Alice in Wonderland syndrome… could it be I’m getting that all the time now? And that is what is causing the vertigo, the extreme visual issues?
Below is taken from an article about a woman who has Alice in Wonderland complicating her chronic silent migraines. And it sounds a lot like me. If all the aura symptoms I had when I was younger and the AiWS I had them mean I too had silent migraines… then that makes a great deal of sense. I was getting AIWS in me morning but never though it could be like this in the day. If I think of it that way… well hell it explains a whole damn lot. It would explain at lot including the sudden increase in the visual aura symptoms. Because some would be my normal peristent migraine aura and some would be the funky AIWS distortions. I’d mention it the neuro but honestly he would just brush it off like the visual snow.
I am going to make a detailed list of the aura and vertigo symptoms I am having, specifically by name if I have to research every damn one of them.. listing which ones are always there, which ones occur with a migraine, and which ones occur without a migraine and take that to my doctor. So they can grasp how compramised my vision had become. I will recomend they stend me to the Irlen Institite to see if they can help. And I will get my eyes checked again to verifiy they are physicall fine. Enough of this crap.
I had no pain but I felt really dizzy and unable to focus. I had a feeling of terrible pressure, and blind spots in my eye.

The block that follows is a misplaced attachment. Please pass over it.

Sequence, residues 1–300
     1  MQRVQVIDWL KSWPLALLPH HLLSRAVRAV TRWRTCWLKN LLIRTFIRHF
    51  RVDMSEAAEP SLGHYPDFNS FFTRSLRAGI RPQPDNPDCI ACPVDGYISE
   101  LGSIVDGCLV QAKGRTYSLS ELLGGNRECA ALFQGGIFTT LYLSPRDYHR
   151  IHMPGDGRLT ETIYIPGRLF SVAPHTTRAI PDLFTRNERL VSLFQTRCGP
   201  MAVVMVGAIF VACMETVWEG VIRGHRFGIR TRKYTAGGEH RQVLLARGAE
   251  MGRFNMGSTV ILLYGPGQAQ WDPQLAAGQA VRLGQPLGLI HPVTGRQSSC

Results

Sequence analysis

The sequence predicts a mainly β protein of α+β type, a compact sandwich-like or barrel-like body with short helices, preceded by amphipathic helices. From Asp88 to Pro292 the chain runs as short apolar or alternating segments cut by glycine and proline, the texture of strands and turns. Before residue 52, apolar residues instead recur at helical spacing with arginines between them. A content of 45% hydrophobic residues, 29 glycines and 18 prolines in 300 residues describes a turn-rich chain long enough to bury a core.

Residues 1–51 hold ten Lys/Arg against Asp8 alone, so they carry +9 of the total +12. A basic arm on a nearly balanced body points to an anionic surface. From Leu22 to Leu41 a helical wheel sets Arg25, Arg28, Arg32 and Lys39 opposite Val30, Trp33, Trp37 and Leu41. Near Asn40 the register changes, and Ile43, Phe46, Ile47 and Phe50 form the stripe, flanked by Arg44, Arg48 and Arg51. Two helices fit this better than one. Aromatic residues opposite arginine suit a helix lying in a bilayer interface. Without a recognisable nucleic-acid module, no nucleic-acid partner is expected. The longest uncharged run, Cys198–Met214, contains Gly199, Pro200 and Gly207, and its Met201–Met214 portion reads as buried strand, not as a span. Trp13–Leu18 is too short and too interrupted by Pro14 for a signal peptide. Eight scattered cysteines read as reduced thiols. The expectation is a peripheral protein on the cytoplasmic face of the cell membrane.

‘All I wanted to do was sleep, not because I was tired but because it was the only way to stop the symptoms.
‘When I went back to work the next week I felt OK, but then it started again.’
‘Within about two months I was feeling so dizzy at times that my eyes
went from side to side as if I had been on the waltzers at a funfair. ‘I looked drunk — I had to hold on to the filing cabinet to get the next patient’s notes.’
One of the most worrying symptoms was the visual disturbance.
‘I have three degrees and speak French fluently, yet more and more frequently I found it impossible to read, as if my brain was no longer able to decode the squiggles on the page,’ recalls Sharon.
‘And then not being able to recognise faces was scary, really scary.
‘That day at the nursery, a few months after the symptoms first started, was frightening. I thought I had a brain tumour.’
Within two months Sharon had stopped working because she was forgetting key information and even telephone calls she had taken.
She saw her GP, who thought the problem was due to bad posture.
Sharon wasn’t convinced and arranged MRI scans, as well as seeing ear, nose and throat specialists and even a neurologist privately, but they could find nothing wrong with her.